A study comparing how many steps people take each day in different countries has given some insight into what role walking plays in explaining the obesity problem. Counting steps may just be the solution to get people moving more.
With so much focus on the food and dieting side of the weight-loss equation, the importance of increasing activity sometimes gets lost. Because of our increasingly sedentary lives, and abundance of easily available calorie-rich food, the reason for the explosion in obesity rates over the last few decades is right in front of our eyes.
Simple strategies that can help people become more active are a valuable addition to the ongoing battle against the population’s expanding waistline. A pedometer is one such device that is proving popular to track steps taken. A pedometer is both cheap and easy-to-use and does a good job of counting steps over the day. More steps equals more calories burnt – it is as simple as that.
Because pedometers remove much of the bias in assessing a person’s physical activity levels, they can be useful as a litmus test in tracking the physical activity levels of wider populations. One such descriptive study has looked at the average number of steps taken per day by adults in the United States and compared this to rates from other countries.
Every step counts
Using step counts from over 1,100 US adults, the average American was found to take just 5,117 steps per day on average. This is much lower compared to estimates of Australians (9,695 steps), Japanese (7,168 steps) and Swiss (9,650 steps).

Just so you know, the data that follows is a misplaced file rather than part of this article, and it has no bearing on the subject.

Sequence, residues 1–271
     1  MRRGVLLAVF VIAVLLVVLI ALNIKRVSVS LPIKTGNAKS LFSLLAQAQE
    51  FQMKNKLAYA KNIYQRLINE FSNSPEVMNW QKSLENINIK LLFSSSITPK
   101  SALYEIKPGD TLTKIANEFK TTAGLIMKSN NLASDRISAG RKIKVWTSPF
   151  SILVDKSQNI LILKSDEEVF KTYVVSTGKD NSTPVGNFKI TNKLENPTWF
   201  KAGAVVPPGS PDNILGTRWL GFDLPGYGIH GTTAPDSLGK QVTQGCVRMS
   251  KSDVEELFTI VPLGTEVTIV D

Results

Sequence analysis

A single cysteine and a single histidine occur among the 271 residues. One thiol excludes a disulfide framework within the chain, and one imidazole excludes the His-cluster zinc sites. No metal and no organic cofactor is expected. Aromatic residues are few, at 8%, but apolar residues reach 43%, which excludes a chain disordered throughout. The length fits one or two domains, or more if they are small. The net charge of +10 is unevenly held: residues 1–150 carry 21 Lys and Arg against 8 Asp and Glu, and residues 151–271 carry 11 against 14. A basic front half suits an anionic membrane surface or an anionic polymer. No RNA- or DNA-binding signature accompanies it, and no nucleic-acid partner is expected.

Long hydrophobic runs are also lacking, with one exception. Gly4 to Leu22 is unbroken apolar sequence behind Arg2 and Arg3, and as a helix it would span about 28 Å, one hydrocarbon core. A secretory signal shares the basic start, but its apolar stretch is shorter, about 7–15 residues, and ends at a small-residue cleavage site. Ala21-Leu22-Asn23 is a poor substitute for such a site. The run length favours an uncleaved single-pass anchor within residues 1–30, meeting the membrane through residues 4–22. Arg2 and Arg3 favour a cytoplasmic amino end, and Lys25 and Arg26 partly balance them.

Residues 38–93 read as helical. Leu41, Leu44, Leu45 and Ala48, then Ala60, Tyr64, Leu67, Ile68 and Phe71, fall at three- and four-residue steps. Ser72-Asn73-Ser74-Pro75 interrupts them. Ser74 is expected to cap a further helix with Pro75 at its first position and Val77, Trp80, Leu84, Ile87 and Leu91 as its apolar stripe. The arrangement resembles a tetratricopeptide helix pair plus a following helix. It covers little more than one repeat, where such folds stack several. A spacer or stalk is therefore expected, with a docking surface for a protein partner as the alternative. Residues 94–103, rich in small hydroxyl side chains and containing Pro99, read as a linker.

Men were found to take slightly more steps (around 400) per day on average than women. People who were single took 6,076 steps per day which was far more than married people (4,793). There was also a steady decline of average steps per day after the age of 50. People who were classified as obese took 1,500 fewer steps per day than those who were of a healthy weight.
The science of estimating physical activity is not always exact so caution needs to be used when looking at population estimates and comparisons between countries. The results from this study though do go some way to explaining why the United States has a much higher rate of obesity (defined as a BMI above 30 kg/m2) than other countries.
The goal of 10,000 steps per day is now widely used for a range of pedometer-based physical activity programs, as it represents a moderate level of activity. For someone walking 10,000 steps, this equates to covering a distance of around 7 kilometres. People who walk 10,000 steps or more per day have been found to have a 72 percent less likelihood of developing metabolic syndrome.
What it all means
Rather than focus on mostly ineffective public health physical activity guidelines of being active for 30 minutes per day on most days of the week, counting steps with a pedometer to get motivating feedback on how every bit of movement can be effective.